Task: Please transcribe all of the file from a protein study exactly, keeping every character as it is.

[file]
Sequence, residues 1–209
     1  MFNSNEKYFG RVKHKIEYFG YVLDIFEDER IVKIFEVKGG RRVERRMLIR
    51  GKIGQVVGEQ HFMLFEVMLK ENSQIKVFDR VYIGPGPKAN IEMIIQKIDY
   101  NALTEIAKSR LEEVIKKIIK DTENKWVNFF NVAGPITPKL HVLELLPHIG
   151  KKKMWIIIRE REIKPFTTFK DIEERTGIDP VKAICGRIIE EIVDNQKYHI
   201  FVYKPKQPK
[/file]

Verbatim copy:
Sequence, residues 1–209
     1  MFNSNEKYFG RVKHKIEYFG YVLDIFEDER IVKIFEVKGG RRVERRMLIR
    51  GKIGQVVGEQ HFMLFEVMLK ENSQIKVFDR VYIGPGPKAN IEMIIQKIDY
   101  NALTEIAKSR LEEVIKKIIK DTENKWVNFF NVAGPITPKL HVLELLPHIG
   151  KKKMWIIIRE REIKPFTTFK DIEERTGIDP VKAICGRIIE EIVDNQKYHI
   201  FVYKPKQPK